0

so heres a snippet of my code:

cout << "enter keyphrase: \n";
	cin >> nextchar;

	while(nextchar != '.')
	{
		isalreadyin = 0;
	for (int i=0; i<counter; i++)
	{
		if (key[i] == nextchar)
			isalreadyin = 1;
	}
		
		if(isalreadyin ==0)
		{
			key[counter]=nextchar;
			counter ++;
		}

		cin >> nextchar;

	}

at the moment i have '.' as my terminiating character. but i want new line to be it. But i cannot get it to work. ive tried '\n' and that dont work. i also tried the ascii value but that dont work so i kinda came to a dead end. So could anybody give me ideas on why it wont work?

p.s the nextchar is a char so could it be that char variable cannot accept '\n'

Edited by lethal.b: n/a

5
Contributors
6
Replies
8
Views
6 Years
Discussion Span
Last Post by WaltP
0

Why not read the line in as a std::string using getline() (which will stop at the newline) and do the processing of the characters afterwards?

0

Why not read the line in as a std::string using getline() (which will stop at the newline) and do the processing of the characters afterwards?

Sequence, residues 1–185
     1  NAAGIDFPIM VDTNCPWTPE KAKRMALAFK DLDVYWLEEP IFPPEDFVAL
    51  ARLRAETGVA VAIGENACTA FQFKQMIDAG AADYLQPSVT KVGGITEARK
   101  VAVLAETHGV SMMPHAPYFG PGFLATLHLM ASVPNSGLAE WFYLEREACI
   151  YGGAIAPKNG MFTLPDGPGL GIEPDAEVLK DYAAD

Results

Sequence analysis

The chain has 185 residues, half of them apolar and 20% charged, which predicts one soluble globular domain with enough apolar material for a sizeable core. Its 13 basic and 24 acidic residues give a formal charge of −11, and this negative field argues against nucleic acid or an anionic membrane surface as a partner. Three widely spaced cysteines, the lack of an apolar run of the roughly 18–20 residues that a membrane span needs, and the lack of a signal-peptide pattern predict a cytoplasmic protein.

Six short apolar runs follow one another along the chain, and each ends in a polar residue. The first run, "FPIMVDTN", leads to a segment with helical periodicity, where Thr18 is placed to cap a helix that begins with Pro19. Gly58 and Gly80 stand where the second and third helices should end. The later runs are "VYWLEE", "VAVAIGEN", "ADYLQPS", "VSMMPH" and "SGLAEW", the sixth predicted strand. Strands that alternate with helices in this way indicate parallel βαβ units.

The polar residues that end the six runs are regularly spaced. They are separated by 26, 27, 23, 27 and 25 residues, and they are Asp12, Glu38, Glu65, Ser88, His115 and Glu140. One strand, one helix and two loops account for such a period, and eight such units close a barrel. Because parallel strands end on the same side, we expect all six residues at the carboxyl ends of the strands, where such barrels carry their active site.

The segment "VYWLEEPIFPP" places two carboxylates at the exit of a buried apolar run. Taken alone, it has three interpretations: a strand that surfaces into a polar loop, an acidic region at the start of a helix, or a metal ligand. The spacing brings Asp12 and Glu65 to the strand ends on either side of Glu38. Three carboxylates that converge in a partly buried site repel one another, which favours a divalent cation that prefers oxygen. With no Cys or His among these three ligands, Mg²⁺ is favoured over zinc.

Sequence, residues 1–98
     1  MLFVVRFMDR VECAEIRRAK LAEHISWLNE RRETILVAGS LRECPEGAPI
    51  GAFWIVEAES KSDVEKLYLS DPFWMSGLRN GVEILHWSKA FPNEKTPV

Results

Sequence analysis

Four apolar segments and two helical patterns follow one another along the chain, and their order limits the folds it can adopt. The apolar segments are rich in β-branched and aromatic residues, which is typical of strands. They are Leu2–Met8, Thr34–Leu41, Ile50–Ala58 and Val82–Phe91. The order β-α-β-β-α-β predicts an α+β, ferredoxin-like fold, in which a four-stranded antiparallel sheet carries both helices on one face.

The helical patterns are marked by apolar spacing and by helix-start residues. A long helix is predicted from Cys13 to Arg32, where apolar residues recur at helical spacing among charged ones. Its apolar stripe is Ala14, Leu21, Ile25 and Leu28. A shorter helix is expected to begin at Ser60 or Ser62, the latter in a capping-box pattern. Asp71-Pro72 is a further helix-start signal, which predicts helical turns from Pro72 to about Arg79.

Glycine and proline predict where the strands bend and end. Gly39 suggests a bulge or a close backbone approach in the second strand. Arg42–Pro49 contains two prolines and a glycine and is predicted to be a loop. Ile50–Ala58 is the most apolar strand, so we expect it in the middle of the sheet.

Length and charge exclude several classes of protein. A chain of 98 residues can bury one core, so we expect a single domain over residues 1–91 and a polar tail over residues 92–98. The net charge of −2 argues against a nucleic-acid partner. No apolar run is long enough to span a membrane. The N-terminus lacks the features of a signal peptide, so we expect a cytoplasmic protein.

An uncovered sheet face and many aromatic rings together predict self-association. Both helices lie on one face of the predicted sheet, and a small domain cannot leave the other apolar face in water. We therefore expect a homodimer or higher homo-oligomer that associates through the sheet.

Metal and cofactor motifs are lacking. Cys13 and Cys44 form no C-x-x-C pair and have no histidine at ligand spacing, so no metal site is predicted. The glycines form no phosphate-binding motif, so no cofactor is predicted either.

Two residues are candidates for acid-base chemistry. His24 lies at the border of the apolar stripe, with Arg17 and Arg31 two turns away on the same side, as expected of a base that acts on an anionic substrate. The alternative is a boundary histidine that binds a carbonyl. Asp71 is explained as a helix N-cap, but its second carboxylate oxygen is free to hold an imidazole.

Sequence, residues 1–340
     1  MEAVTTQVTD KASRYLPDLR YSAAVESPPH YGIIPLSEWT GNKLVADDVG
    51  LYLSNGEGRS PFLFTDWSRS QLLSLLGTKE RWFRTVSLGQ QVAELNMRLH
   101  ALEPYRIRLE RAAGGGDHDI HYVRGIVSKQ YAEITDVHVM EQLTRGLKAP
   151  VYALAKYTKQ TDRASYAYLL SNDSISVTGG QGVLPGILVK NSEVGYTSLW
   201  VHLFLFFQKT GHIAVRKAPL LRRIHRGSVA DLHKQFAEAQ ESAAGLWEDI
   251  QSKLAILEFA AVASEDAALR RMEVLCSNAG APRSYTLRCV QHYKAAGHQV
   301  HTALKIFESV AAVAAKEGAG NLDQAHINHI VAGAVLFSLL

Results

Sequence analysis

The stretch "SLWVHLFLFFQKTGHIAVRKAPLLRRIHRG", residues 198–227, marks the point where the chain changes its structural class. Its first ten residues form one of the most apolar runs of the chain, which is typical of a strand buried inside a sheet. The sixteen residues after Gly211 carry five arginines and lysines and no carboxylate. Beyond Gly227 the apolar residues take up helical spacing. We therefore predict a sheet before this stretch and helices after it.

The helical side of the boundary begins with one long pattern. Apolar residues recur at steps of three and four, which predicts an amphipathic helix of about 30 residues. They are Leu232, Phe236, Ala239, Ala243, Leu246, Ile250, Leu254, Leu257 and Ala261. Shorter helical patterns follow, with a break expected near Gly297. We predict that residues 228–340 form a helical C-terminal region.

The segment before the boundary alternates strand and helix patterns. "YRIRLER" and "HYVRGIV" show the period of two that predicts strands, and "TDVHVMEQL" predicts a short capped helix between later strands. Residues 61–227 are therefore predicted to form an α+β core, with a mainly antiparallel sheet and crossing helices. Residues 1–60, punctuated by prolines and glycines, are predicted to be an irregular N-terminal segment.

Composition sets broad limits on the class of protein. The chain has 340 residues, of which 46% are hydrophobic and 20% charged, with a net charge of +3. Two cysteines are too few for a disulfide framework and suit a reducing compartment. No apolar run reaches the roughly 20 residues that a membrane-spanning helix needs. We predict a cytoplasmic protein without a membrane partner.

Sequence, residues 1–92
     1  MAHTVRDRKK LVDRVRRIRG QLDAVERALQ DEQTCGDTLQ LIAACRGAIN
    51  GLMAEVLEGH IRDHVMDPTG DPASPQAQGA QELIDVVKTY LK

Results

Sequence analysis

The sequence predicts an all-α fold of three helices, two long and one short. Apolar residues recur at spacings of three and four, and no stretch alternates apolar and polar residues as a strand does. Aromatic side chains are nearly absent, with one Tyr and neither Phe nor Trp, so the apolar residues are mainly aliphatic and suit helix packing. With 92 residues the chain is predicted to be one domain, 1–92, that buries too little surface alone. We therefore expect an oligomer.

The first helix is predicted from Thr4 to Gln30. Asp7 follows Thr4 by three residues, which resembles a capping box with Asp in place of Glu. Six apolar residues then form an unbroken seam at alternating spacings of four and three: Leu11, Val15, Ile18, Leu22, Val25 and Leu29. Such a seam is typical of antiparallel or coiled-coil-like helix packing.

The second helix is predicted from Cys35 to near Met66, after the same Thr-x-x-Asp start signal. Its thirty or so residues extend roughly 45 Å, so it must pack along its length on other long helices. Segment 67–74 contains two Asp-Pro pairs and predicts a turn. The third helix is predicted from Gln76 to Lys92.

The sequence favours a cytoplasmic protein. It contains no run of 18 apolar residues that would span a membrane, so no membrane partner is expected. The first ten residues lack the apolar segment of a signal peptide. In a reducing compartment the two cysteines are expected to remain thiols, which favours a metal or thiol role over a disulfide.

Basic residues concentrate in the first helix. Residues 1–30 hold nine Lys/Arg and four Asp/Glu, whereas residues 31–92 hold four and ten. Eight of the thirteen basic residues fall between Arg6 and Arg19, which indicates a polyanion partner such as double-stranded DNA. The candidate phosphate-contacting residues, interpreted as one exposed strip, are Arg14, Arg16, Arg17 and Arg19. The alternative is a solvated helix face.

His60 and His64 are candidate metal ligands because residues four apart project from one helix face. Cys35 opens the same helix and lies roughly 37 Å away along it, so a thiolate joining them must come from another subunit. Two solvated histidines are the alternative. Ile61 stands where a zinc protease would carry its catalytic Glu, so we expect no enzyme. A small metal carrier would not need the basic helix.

i tried that before but for college i have to use visual c++ 6.0 and there is a bug when using getline which reads in extra characters. there is a fix on microsofts website but i cant fix it at college as i cant edit the programs files

0

How does using '\n' not work? It won't compile, crashes if you hit enter or pressing enter does not terminate the loop?

0

How does using '\n' not work? It won't compile, crashes if you hit enter or pressing enter does not terminate the loop?

it compiles fine but just doesn't terminate the loop

0

Then you aren't reading a \n.

After reading the character, immediately display it's binary value cout << (int) nextchar; If you don't see the value of '\n', you aren't reading it.

This article has been dead for over six months. Start a new discussion instead.
Have something to contribute to this discussion? Please be thoughtful, detailed and courteous, and be sure to adhere to our posting rules.